Why what happens in the Aberdare Forest could save or kill all humanity

Wednesday May 25 2011

Somehow, a few years ago I ended up on the mailing list of Rhino Ark, the conservation group founded by Kenyans in 1980 to help end the deadly poaching of the black rhino in the Aberdare Mountains.

We all get dozens of pamphlets, booklets, newsletters, and immediately throw them into the trash basket.

There are a few of them, though, that are worth paying attention to — the ones from Rhino Ark being among them.

Their latest, Aberdares and Beyond, chronicles the Rhino Ark’s 21-year-old crusade to build an elephant-proof electric fence around the Aberdare Forest.

The fence was designed to protect the animals and the forest itself, but also to end the conflict between the people of the area and the animals, as the beasts would stray into their farms and eat their crop.

The fence was completed last year and is 400 kilometres long. How impressive! It is the longest conservation fence in the world.


More than Sh800 million ($10 million) was raised for the building and maintenance of the fence.

This story is important, at the end of the day, for very different reasons. For reasons that we won’t dwell on, conservation is one of the most difficult things to do in Africa.

It is also a very tough job raising money for conservation because it is sometimes too abstract an idea to many people.

If you went around among your friends, you are more likely to raise Sh1 million for a wedding than Sh100,000 to save flamingoes or 10 rare trees in a park somewhere.

And, of course, the lethal mix of corruption and parochial politics only complicates things.

Many a minister of Agriculture and Forestry will see the job as an opportunity to use his position to allow his friends to invade a forest and log illegally.

And, at election time, even in East Africa, there have been cases of the president allowing villagers to encroach on a forest in exchange for votes.

Therefore, to be able to raise $10 million for the Aberdares, a good chunk of it from Kenyan individuals and companies, tells us that there has been a significant social shift and progression, even though it might not be obvious. You might say it is a tiny but crucial step in evolution.

What happened in Aberdare is tangentially related to an event that was to happen Saturday May 21, and received big international media coverage.

US “prophet” and radio personality Harold Camping had predicted that the world would end on Saturday, the “Rapture”, he called it.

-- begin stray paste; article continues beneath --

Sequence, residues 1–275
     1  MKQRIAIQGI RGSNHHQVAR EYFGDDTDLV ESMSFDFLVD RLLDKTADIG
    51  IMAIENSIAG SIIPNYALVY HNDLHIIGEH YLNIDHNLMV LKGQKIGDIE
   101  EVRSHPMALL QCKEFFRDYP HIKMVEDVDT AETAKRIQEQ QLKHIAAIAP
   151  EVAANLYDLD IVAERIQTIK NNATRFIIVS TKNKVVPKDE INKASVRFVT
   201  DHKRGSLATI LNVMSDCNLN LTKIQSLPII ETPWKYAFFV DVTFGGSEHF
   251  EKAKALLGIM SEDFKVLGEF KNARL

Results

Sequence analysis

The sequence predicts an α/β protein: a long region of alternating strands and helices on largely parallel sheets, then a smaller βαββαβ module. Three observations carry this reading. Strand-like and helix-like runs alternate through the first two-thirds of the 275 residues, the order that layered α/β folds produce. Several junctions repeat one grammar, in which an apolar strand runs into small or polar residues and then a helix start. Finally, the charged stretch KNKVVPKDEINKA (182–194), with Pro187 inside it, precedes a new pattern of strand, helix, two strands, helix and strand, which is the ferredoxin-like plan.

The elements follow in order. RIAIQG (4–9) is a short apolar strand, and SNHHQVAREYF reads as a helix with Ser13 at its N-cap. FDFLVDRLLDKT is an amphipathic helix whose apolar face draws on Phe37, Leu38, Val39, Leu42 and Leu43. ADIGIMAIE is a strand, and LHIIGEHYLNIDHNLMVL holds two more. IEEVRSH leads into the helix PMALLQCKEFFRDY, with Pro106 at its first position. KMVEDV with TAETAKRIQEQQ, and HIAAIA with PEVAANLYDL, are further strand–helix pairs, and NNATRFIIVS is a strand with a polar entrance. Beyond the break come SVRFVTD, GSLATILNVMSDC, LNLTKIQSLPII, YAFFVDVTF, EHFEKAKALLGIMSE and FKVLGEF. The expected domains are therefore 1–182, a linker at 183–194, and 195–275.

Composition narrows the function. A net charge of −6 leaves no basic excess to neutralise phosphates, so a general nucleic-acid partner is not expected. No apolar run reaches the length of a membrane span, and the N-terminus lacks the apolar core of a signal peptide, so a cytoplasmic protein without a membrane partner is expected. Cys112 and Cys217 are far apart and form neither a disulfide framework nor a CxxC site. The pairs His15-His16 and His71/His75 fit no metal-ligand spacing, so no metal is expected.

Nothing happened (now he says we should book it for October). Quite a few fellows had believed him, despite the fact that he made similar wrong predictions in 1988 and 1994.

The world will end, or rather will witness another extinction. But it will not be the result of an angry bolt from the heavens sent by God. We are doing a good job of destroying the world without God’s help.

Extinction is necessary and inevitable because it is the way the Earth reboots. The world experienced its biggest mass extinction about 250 million years ago.

It is estimated that 95 per cent of marine species and 70 per cent of land species were wiped out. That extinction, scientists believe, was set off by giant volcanic eruptions.

However, most of those interested in these things are more familiar with the extinction of 65 million years ago that wiped out the dinosaurs. There are endless movies and TV documentaries about it.

Until recently, the general view had been that the extinction was caused by a combination of giant volcanoes, again, and a mega giant asteroid impact with the Earth.

Lately, though, there are more voices in science saying climate change caused the extinction of 65 million years ago.

On Tuesday evening, I watched a TV documentary that was a dramatic elaboration of how humans can cause huge environmental disasters.

The documentary explores why Ancient Egypt collapsed. Its conclusion is that a deadly drought, caused partly by the early Egyptians’ abuse of water and other natural resources, wiped it out.

Egypt was not the first, nor was it be the last, great power to collapse in an environmental crisis.

For what it is worth, the Aberdare conservation tells us that we can avoid Ancient Egypt’s fate — and postpone our extinction by a few centuries.

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